Ginger Nuts of Horror
Christmas is coming, the decorations are up, Christmas tunes are playing on repeat, and the eggnog is chilling in the fridge. Ginger Nuts of Horror welcomes the festive season. And as a thank, you for all of your support for what has been a fantastically successful year, Ginger Nuts of Horror in association with Charlotte Bond, brings you 13 For Christmas. For thirteen days in the lead up to Christmas, we bring you a special festive themed piece flash fiction from Charlotte. Grab a hot drink and find a nice warm place and please enjoys these festively creepy tales.
Today's story is titled Christmas Cupcake...
Angela shifted the heavy duty canvas bag on her shoulder into a more comfortable position as she grasped the carrier bags with numb fingers.
Why do so many of my bloody family have to be born in December? Was it some kind of familial orgy in March or something? She dodged through the Christmas shoppers as best she could, although her shoulder bags kept catching shoulders, resulting in scowls from passersby.
When her fingers felt that they might drop off, spilling her Christmas shopping over the pavement, she ducked out of the crowd into a little alcove next to a shop. She lowered the bags slowly to the ground then massaged some feeling back into her fingers.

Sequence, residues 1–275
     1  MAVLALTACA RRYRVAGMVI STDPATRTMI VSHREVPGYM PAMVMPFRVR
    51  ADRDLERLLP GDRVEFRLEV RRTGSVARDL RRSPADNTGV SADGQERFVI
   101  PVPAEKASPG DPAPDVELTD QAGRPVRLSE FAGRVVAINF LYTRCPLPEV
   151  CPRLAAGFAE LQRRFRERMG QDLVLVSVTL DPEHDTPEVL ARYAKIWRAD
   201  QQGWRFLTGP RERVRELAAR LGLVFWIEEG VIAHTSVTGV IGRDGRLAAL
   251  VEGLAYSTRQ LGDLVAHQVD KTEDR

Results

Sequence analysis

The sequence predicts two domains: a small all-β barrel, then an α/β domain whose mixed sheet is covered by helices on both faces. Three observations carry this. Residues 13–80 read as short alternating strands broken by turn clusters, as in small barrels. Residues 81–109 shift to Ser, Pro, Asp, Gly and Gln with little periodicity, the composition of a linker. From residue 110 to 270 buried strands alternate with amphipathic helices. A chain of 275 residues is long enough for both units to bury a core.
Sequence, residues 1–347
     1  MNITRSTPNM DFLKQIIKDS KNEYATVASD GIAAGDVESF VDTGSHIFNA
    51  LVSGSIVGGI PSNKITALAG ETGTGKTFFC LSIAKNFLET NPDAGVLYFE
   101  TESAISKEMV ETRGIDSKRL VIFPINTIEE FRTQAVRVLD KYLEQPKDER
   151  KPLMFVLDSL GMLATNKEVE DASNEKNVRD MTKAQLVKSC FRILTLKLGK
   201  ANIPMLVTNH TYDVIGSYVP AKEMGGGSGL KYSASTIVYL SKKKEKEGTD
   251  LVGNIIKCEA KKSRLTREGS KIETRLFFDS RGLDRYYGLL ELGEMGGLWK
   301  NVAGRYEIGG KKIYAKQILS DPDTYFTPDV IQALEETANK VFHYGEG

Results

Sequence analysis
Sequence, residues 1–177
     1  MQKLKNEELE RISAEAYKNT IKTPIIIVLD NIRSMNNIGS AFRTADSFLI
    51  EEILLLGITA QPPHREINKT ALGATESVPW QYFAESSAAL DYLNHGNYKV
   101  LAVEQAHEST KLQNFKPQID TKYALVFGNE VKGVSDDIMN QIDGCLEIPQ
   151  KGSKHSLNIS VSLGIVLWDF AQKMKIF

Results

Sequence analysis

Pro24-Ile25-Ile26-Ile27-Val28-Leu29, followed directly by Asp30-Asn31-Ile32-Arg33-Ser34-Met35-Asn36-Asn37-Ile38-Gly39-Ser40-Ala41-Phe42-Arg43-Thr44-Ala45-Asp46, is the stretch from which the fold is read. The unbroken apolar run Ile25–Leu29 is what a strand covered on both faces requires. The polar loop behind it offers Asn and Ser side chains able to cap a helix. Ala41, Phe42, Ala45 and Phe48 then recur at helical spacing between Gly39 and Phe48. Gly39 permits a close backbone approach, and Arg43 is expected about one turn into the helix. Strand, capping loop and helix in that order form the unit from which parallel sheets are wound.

Wearily she glanced into the window of the shop she'd stopped by; it was a bakery. She saw mince pies drenched in icing sugar, lumps of solid stollen and reindeer biscuits with bright red noses. But what really drew her eye was the pile of cupcakes decorated with red, green and white icing. They sported a range of decorations from fondant trees to crystallised sugar snowflakes.
A pang of longing shot through her stomach like cramp. For a moment she wasn't a twenty-five year old woman standing with her bags of shopping and red fingers, but an eight year old girl, peeking through the window of the local bakery on Christmas Eve while her father bought the whole family a batch of homemade cupcakes. It had become an honoured Christmas tradition. When she'd reached twelve, she'd made them herself each year. He'd nicknamed her "Cupcake" because of it.
She realised that tears were gathering on her eyelashes and she hastily wiped them away. It felt like her insides had been sucked away and left a vacuum behind. Needing human contact, she reached into her bag and pulled out her phone. She typed a text to her mother.
Missing Dad. I wish he was here.
A moment later, a reply came through.
Angela smiled and tucked the phone back into her bag. Just as she was zipping it up, her phone buzzed with another message from her mother.
Don't forget tinfoil or I won't have anything to wrap the turkey in.
Angela rolled her eyes and replaced her phone in the bag. She picked up her bags, her fingers complaining about the loss of blood again, but she gritted her teeth and pushed her way back into the crowd. She got halfway down the street before a strong sense of nostalgia made her turn round and go back to the bakery. The place was rammed but she braved it for two cupcakes.